Vienna, June 27 – Representatives from Dianova, present in the Austrian capital on the occasion of a meeting of the Vienna NGO Committee on Drugs, attended the unveiling ceremony of the “Tree of Hope”. They said the ceremony was deeply moving, with several interventions from young people who have adorned the monument with messages, testimonials and photos of friends affected by the plight of drugs.
We reproduce below a press release initially published on the UNODC web site
Each year, more than 200,000 people die of drug-related illnesses. On the occasion of the International Day against Drug Abuse and Illicit Trafficking on 26 June 2011, and in an effort to raise awareness and remember those affected by drugs, a “Tree of Hope” monument was unveiled outside the Vienna International Centre.
The “Tree of Hope”, located prominently at the main entrance to the United Nations Office at Vienna, symbolizes a new beginning, new hope and confidence to prevent and treat drug dependence in the community. The tree serves as a reminder that with a firm and solid base drawing strength from families, schools, local communities and civil society, it is possible to prevent and treat drug dependence.
The idea of the “Tree of Hope” originated in Germany, when a mother whose child died of a drug overdose built a stone memorial in a public garden. The spirit of the original memorial is reflected in the monument’s stone base, while the metal plant sprouting from the base symbolizes a new beginning full of hope.
In his message to mark World Drug Day, United Nations Secretary General Ban Ki-moon said:
Speaking on behalf of Austrian President Heinz Fischer at the unveiling ceremony, Rudolf Hundstorfer, Minister for Labour, Social Affairs and Consumer Protection of Austria, said: “Today we all know that drug addiction is treatable and that early diagnosis and timely prevention are the most important parameters in the fight against and the reduction of drug addiction. May this tree grow symbolically and give those affected by drugs, as well as their families, strength, courage and confidence to defeat this addiction.”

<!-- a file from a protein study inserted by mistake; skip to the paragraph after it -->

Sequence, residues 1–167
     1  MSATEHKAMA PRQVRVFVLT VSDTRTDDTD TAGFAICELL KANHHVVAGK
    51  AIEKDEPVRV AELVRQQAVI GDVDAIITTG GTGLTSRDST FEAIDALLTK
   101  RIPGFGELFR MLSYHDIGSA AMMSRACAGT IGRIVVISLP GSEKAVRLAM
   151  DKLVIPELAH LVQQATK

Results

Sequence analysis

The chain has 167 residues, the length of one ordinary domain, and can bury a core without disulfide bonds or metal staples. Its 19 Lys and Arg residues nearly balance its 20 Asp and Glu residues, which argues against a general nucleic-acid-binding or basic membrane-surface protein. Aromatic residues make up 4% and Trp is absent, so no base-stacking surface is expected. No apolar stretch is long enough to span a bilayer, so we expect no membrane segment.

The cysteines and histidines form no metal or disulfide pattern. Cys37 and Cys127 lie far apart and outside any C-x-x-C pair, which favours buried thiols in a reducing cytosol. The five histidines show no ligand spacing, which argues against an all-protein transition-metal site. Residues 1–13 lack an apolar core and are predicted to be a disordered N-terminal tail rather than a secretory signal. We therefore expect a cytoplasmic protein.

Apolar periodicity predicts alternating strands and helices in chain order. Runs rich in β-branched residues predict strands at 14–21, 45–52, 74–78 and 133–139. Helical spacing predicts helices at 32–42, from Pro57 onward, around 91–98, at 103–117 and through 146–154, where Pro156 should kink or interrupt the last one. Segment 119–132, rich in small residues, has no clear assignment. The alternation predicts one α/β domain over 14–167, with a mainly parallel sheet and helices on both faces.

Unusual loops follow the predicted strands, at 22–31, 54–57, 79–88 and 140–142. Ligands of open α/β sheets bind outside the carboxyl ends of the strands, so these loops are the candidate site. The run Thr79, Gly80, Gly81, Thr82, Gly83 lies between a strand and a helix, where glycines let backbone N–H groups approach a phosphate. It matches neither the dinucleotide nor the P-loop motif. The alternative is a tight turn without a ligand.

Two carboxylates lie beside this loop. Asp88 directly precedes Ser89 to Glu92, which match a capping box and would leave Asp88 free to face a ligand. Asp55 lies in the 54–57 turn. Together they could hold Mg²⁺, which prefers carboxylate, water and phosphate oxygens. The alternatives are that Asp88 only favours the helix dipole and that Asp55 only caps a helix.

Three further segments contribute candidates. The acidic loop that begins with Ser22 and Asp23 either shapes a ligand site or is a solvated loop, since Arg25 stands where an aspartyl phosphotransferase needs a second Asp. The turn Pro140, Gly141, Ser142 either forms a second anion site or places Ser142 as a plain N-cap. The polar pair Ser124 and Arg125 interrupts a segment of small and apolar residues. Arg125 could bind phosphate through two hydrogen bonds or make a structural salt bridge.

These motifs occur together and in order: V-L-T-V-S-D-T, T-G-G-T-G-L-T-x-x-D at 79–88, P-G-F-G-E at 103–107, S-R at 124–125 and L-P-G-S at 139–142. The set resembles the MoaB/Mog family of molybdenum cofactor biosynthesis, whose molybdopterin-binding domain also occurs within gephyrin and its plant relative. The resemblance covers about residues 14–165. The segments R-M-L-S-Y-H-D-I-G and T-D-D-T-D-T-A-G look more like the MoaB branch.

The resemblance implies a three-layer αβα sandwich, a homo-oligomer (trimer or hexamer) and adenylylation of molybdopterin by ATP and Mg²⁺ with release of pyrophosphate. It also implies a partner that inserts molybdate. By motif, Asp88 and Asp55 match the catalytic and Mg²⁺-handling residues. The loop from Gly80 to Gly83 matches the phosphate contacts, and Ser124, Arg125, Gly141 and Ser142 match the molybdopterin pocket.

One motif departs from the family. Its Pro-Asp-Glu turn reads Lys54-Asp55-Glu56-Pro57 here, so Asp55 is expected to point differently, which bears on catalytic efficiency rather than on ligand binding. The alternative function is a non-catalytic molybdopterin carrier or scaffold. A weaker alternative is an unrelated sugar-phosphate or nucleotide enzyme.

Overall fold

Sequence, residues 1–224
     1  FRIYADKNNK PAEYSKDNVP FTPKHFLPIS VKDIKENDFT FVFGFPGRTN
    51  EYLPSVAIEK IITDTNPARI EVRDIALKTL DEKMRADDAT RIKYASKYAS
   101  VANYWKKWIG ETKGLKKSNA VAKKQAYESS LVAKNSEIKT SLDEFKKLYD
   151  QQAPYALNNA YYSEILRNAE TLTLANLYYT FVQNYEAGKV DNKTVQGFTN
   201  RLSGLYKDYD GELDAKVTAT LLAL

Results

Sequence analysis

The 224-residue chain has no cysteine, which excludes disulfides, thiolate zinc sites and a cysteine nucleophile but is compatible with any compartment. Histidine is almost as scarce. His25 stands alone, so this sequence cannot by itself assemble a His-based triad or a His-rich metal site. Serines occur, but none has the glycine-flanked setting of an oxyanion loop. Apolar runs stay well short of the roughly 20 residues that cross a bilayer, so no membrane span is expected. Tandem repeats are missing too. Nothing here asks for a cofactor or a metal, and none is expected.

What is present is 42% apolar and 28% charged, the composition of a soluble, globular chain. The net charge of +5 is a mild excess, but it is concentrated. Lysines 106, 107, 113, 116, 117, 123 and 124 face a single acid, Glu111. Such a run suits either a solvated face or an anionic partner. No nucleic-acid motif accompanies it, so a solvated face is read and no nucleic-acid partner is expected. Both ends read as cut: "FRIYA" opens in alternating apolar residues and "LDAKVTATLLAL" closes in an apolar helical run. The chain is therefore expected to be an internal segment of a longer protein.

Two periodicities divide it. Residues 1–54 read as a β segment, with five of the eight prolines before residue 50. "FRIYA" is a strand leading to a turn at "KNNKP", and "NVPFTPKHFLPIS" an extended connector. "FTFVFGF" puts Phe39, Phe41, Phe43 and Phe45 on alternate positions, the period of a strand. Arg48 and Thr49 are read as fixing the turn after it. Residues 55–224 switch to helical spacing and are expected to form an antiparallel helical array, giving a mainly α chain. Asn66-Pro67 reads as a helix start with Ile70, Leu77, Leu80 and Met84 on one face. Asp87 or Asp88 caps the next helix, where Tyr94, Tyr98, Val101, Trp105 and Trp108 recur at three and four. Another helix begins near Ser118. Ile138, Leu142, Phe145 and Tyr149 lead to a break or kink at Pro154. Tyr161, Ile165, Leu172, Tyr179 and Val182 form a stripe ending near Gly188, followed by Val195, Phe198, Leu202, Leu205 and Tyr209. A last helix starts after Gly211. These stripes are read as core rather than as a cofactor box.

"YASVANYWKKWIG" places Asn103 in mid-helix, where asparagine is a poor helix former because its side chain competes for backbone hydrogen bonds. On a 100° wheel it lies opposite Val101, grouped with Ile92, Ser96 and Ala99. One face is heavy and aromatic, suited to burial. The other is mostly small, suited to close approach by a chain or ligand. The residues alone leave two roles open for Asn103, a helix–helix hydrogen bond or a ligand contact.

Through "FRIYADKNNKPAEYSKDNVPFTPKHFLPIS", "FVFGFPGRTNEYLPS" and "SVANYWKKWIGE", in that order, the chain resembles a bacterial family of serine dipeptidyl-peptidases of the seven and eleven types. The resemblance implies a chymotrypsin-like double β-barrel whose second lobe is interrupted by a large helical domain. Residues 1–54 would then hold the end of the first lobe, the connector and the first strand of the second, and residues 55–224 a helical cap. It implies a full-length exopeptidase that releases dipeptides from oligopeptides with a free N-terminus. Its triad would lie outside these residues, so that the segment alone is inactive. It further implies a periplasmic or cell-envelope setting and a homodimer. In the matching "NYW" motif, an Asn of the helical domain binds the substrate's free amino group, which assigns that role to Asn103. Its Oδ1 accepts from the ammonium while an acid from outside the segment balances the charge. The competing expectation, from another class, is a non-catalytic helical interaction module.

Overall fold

“Governments have a responsibility to counteract both drug trafficking and drug abuse, but communities can also make a major contribution. Families, schools, civil society and religious organizations can do their part to rid their communities of drugs. Businesses can help to provide legitimate livelihoods. The media can raise awareness about the dangers of narcotics.”
Francis Maertens, Deputy Executive Director of UNODC, said that the “Tree of Hope” sent a message to communities everywhere that prevention begins not by stigmatizing drug abuse but by initiating dialogue and showing understanding.
Eveline Hejlek, vice-chairperson of the Vienna Committee on Drugs and representative of Zonta International, said: “Drug addiction must not be taboo, because it affects all social classes, all societies, all nations. We must all commit to assisting those who suffer from drug addiction and work to prevent drug abuse.”
The event was organized by Elternkreis, a non-profit support group for parents and relatives of drug abusers, and the Vienna non-governmental organization Committee on Drugs, which serves as a crucial link between non-governmental organizations, intergovernmental organizations and international agencies involved in coordinating drug policy. The “Tree of Hope” itself was designed by Ilse Stieber and the Vocational School for Building Trade in Vienna.